The opinion of the Court was delivered by Garibaldi, J. Chief Justice Poritz and Justices Handler, Pollock, O'hern, Stein, and Coleman join in Justice GARIBALDI's opinion.
(This syllabus is not part of the opinion of the Court. It has been prepared by the Office of the Clerk for the convenience of the reader. It has been neither reviewed nor approved by the Supreme Court. Please note that, in the interests of brevity, portions of any opinion may not have been summarized).
In the Matter of the Application of Robert J. Triffin (E-3-97)
Argued September 8, 1997 -- Decided October 23, 1997
GARIBALDI, J., writing for a unanimous Court.
Robert J. Triffin of Drexel Hill, Pennsylvania, passed the New Jersey bar examination in July 1993. A panel of the Supreme Court's Committee on Character conducted three hearings pursuant to Regulation 303 (RG 303) of the Committee. The panel recommended that certification of Triffin's character be withheld. Triffin requested a Review Hearing by another panel of the Committee. That panel, operating pursuant to Regulation 304 (RG 304) of the Committee, also recommended that Triffin's certification be withheld. Triffin sought review of the Committee's decision by the Supreme Court, which granted his requests for review and for oral argument.
Triffin graduated from Temple University in 1973. Between 1973 and 1986, Triffin was self-employed as a collection agent. He would purchase commercial paper and then sue for recovery in his own name. In 1974, Triffin incorporated General Funding as a purchaser of delinquent commercial accounts. In 1984, Triffin incorporated Great States Leasing to purchase obligations and debts incurred under leases of personal property.
During the fall of 1984, Triffin made certain financial arrangements with General Funding's best customers to pay vendors of leased equipment more quickly than Triffin's competitors. The arrangements involved giving the customers presigned checks on General Funding's bank account. Triffin expanded the practice by issuing presigned checks to Henry Wexler, President of Pioneer Gate Company, an assignor of post-dated checks.
In March 1985, Triffin brought suit against Continental Bank, alleging that the bank had wrongfully paid on a check drawn to the order of Pioneer on General Funding's bank account. Continental counterclaimed, alleging that Triffin had been a party to a check-kiting scheme and had negligently or fraudulently caused the overdraft in General Funding's account.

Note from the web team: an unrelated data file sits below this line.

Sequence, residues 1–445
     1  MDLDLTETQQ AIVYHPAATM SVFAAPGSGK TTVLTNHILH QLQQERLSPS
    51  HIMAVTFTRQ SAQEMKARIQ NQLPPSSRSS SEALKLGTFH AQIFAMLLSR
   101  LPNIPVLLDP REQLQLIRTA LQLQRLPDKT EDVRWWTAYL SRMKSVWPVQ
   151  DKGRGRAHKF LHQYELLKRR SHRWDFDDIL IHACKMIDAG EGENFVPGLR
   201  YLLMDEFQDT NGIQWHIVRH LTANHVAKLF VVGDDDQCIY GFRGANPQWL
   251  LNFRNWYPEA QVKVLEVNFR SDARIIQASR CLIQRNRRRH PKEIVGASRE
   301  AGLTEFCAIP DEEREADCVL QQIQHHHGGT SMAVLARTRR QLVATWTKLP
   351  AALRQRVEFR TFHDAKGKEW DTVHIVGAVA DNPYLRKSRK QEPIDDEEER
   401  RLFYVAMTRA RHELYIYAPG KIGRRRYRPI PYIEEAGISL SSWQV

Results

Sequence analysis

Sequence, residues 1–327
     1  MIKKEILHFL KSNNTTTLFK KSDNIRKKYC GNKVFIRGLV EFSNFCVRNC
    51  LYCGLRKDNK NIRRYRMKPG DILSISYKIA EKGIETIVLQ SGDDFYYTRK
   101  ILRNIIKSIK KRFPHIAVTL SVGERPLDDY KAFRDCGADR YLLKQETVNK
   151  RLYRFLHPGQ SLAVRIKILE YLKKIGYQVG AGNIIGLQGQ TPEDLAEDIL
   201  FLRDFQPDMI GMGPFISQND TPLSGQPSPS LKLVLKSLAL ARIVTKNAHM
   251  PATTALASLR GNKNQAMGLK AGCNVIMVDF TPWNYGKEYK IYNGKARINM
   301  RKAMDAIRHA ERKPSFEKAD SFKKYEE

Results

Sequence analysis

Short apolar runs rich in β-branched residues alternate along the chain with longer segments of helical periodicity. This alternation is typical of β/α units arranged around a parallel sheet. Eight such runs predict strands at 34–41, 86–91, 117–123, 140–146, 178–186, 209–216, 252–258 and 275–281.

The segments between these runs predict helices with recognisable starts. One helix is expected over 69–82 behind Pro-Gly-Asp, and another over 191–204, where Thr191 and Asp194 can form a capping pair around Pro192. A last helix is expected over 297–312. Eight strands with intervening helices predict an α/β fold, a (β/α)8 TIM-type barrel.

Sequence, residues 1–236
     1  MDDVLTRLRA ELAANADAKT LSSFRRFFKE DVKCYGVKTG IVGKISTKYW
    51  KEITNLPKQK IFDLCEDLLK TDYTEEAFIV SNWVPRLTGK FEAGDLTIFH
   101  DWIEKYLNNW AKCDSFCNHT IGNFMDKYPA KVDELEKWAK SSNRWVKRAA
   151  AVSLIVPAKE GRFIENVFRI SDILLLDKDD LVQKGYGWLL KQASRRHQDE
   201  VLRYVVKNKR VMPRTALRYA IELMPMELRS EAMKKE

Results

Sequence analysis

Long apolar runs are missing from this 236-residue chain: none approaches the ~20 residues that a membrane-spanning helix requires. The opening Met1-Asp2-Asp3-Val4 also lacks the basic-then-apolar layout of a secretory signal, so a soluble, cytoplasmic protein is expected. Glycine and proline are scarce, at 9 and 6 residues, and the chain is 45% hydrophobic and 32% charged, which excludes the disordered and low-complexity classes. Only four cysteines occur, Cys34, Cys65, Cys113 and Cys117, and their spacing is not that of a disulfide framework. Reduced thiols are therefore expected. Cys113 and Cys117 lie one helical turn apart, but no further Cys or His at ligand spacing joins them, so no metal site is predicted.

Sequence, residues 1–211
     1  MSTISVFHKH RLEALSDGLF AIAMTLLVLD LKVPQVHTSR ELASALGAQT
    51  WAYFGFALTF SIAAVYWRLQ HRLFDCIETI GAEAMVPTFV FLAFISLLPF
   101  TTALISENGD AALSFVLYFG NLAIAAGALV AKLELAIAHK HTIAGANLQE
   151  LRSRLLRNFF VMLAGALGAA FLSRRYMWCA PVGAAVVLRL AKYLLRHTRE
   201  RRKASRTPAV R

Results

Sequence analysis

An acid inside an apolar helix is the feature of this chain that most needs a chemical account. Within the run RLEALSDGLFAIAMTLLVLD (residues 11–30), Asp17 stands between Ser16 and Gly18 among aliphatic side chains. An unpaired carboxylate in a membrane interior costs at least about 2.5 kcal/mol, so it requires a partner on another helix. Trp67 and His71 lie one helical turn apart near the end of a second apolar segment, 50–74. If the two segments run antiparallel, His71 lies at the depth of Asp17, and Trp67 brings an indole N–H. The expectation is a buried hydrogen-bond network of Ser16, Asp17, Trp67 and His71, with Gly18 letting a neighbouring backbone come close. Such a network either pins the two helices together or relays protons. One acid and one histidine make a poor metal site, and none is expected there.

Triffin failed to cooperate in pretrial discovery. Ultimately, his complaint was dismissed with prejudice and he was barred from entering evidence in defense of Continental's counterclaim. The Pennsylvania Superior Court affirmed those sanctions on October 27, 1988.
Neither Triffin nor his attorney, Henry Janssen, appeared at the trial on November 1, 1989, in respect of Continental's counterclaim. Janssen told the court that Triffin had instructed him not to appear. Triffin claimed that Janssen would not withdraw as counsel until he was paid.
The trial proceeded before the Pennsylvania Court of Common Pleas. The court heard Continental's evidence and determined that Triffin had engaged with Wexler (of Pioneer) in a check-kiting scheme between December 1984 and March 21, 1985. The court found that Triffin had engaged in actual fraud against Continental. Triffin unsuccessfully sought to have the judgment against him stricken. His appeal of the matter also failed.
Before the Committee on Character, Triffin asserted that he was the victim of a reverse check-kiting scheme orchestrated by Wexler and Triffin's former bookkeeper. Triffin also presented several contradictory excuses for his behavior relating to the Continental Bank litigation.
On April 30, 1986, during the pendency of the Continental Bank litigation, Triffin filed a Chapter 7 bankruptcy petition on behalf of General Funding. The petition was dismissed on July 1, 1986, for procedural deficiencies. After that dismissal, Triffin apparently liquidated General Funding's remaining assets and abandoned his offices to the landlord. Triffin paid his personal car loan with the proceeds and walked away from his remaining obligations. Because he was unable to pay a $20,000 loan to General Funding made by his mother in 1985, Triffin turned Great States over to her.
Triffin graduated from the Nebraska College of Law in June 1990. He sought to sit for the Pennsylvania bar examination in July of 1990. On June 25, 1990, the Pennsylvania Board of Law Examiners refused to allow Triffin to sit for the examination for character reasons. Triffin requested a hearing before the Board, which was postponed for several months because Triffin sought a stay pending the outcome of federal litigation he had brought against, among others, his former attorney (Janssen), the seven Justices of the Pennsylvania Supreme Court, and the members of the Pennsylvania Board.